Monday, September 17, 2012

E-Learning Market - Guerillas in the Mist

Last week Skillsoft announced they were acquiring Mindleaders. This is the latest in a long series of acquisitions and Skillsoft has become an industry giant over the last ten years. Through the mists of the e-learning market we can see a familiar pattern emerging as the guerillas move in.

The e-learning market is going through a period of transformation as it matures and the guerillas have started started to consolidate the maturing market. However, are they ready to manage the upheavals to come?

Here come the Guerillas

Skillsoft's acquisition of Mindleaders ensures they remain the main player in their content space.   Mindleaders themselves were previously acquired by Thirdforce, who traded under the Mindleaders brand. Thirdforce had acquired a number of companies as they grew including Creative Learning Media and Electric Paper. Skillsoft have acquired most of their competitors such as Netg, ElementK, 50 Lessons and now Mindleaders.

Other guerillas have started to make strategic acquisitions in the learning and talent management space, for example:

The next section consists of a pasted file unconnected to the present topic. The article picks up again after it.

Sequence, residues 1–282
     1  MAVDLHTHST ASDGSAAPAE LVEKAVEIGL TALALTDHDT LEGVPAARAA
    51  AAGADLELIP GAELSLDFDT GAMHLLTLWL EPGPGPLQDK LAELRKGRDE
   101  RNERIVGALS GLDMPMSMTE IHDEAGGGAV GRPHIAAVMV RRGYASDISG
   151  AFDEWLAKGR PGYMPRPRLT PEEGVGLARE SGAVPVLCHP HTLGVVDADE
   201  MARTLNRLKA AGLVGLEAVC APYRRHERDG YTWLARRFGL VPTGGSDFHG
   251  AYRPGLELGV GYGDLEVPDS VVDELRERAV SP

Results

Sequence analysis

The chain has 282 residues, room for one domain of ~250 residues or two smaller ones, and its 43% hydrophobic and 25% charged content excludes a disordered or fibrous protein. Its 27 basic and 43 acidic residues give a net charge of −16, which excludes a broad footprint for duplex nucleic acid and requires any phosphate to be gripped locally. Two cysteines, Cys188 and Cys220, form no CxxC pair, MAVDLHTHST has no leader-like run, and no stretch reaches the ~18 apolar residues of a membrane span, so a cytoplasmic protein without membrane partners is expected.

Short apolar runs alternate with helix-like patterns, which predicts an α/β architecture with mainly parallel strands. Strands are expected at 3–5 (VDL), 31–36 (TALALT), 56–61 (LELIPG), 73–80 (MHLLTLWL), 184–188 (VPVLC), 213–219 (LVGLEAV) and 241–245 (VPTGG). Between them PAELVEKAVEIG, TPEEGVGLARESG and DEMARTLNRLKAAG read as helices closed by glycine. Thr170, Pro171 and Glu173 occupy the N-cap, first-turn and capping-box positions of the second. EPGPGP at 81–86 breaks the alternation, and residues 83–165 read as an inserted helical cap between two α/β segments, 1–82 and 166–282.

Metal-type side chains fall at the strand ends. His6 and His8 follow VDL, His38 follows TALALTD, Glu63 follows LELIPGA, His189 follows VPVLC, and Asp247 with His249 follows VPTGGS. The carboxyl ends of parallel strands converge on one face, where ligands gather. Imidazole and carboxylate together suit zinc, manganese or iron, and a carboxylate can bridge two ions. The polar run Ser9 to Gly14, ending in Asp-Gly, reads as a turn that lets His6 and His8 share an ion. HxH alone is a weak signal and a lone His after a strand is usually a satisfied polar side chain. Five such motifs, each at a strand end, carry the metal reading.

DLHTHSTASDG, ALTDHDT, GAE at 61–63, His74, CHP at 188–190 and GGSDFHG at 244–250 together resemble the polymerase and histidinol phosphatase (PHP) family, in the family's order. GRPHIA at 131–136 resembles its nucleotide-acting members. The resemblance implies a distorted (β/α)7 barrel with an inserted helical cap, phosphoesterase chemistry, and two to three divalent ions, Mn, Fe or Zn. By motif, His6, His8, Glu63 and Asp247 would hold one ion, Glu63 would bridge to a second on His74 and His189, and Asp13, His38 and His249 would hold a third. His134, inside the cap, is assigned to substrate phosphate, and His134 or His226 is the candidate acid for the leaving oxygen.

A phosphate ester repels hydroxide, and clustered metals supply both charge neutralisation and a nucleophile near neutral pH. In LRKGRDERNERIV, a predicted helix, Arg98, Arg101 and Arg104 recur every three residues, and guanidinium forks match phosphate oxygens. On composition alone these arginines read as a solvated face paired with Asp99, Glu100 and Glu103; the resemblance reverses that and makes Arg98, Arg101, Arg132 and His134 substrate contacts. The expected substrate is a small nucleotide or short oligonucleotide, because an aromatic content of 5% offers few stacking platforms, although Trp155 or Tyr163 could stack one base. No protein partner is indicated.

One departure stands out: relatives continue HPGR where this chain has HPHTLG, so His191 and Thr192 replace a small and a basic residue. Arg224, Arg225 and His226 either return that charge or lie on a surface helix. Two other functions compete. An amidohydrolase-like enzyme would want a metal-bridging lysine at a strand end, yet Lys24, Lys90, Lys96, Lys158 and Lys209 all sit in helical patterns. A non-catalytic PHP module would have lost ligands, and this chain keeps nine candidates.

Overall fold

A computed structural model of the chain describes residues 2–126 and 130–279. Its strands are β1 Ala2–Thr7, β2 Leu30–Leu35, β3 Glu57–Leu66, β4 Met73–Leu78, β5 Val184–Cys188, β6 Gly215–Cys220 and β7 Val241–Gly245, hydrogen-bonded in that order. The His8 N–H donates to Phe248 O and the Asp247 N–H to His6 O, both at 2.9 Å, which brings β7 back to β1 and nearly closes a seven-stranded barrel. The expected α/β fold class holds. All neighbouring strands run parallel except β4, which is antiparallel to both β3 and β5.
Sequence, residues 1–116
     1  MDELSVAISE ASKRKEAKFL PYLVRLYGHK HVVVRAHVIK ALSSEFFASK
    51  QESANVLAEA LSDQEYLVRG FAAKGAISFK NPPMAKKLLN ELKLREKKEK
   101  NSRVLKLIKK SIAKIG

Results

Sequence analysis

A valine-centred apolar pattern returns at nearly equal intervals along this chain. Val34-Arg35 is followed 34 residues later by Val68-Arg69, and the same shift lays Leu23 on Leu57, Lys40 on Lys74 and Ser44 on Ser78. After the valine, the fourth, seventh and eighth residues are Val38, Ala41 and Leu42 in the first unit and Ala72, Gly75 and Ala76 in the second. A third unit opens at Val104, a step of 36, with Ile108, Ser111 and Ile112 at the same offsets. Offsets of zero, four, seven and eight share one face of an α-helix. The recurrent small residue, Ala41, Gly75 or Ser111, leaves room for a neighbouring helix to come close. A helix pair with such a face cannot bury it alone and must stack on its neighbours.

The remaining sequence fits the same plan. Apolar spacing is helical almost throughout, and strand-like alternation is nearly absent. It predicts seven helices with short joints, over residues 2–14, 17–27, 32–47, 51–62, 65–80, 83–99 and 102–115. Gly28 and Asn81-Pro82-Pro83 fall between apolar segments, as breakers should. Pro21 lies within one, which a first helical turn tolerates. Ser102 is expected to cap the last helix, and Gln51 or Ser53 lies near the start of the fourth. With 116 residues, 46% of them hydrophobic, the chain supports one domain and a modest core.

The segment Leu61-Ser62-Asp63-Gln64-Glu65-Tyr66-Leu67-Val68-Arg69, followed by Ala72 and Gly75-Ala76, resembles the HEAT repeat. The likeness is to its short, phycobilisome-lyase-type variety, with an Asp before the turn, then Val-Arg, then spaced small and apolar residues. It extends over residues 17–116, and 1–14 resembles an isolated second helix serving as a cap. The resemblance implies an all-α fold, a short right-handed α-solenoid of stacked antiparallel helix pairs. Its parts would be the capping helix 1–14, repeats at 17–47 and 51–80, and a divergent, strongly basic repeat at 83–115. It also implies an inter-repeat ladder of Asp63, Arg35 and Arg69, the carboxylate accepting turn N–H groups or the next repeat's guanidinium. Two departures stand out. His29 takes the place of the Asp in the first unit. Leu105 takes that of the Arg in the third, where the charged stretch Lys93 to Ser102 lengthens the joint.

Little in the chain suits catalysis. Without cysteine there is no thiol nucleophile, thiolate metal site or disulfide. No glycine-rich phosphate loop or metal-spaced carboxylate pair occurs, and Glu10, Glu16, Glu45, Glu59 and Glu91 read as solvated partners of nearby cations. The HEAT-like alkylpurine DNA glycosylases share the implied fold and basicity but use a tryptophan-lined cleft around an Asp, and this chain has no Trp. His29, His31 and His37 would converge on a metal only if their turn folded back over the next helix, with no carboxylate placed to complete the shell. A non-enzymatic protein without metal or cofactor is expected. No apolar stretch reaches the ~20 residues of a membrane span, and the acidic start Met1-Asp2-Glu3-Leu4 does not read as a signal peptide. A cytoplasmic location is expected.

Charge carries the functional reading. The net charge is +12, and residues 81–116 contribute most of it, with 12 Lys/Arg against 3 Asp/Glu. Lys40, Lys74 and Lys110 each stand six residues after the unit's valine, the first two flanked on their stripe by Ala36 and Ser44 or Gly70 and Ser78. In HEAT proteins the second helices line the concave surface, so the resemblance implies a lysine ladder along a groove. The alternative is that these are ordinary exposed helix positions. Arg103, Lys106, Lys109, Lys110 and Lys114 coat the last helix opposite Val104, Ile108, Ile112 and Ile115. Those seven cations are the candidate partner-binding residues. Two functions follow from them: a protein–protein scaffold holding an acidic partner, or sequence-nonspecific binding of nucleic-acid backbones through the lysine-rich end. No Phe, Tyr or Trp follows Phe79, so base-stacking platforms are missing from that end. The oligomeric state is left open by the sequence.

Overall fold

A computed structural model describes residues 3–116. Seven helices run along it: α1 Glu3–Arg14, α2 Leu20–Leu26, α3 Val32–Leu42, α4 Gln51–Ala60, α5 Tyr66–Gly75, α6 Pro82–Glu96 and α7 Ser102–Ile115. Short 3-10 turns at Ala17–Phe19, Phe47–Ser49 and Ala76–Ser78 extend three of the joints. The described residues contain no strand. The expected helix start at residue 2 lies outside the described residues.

• IBM acquired Kenexa who had previously acquired Outstart.
  • SAP acquired Success Factors who had previously acquired Plateau.
  • Oracle acquired Taleo who had previously acquired
According to Bersin "older companies like Mindleaders and Skillsoft must grow through acquisition in order to maintain their lead among newer, faster-growing upstarts with more modern content." It does appear to be a tried and well worn path that larger companies buy up newer and innovative smaller companies.

Challenges to the Guerillas

The fast changing nature of learning technologies poses significant challenges for the larger more established companies. In recent years this has included:

- software as a service
- open source technology

In the future it is likely to include:

- responsive e-learning, one version that works on all devices
- online open courses and massive online open courses
- social and peer learning

There are two types of challenge. The first is protecting past investments, such as investments in content or systems. These have the potential to become out of date very quickly in the new world, for example the rise of multiple devices means e-learning content should be responsive and work on all devices. Older content simply won't have been designed this way and may as a consequence be a lot less valuable to companies.

The second challenge is from new business models such as open online courses and open source. Whilst there are still costs, these models allow companies to access lower cost solutions.

If the guerillas fail to move quickly and innovate we can expect to see further acquisitions of smaller more nimble companies.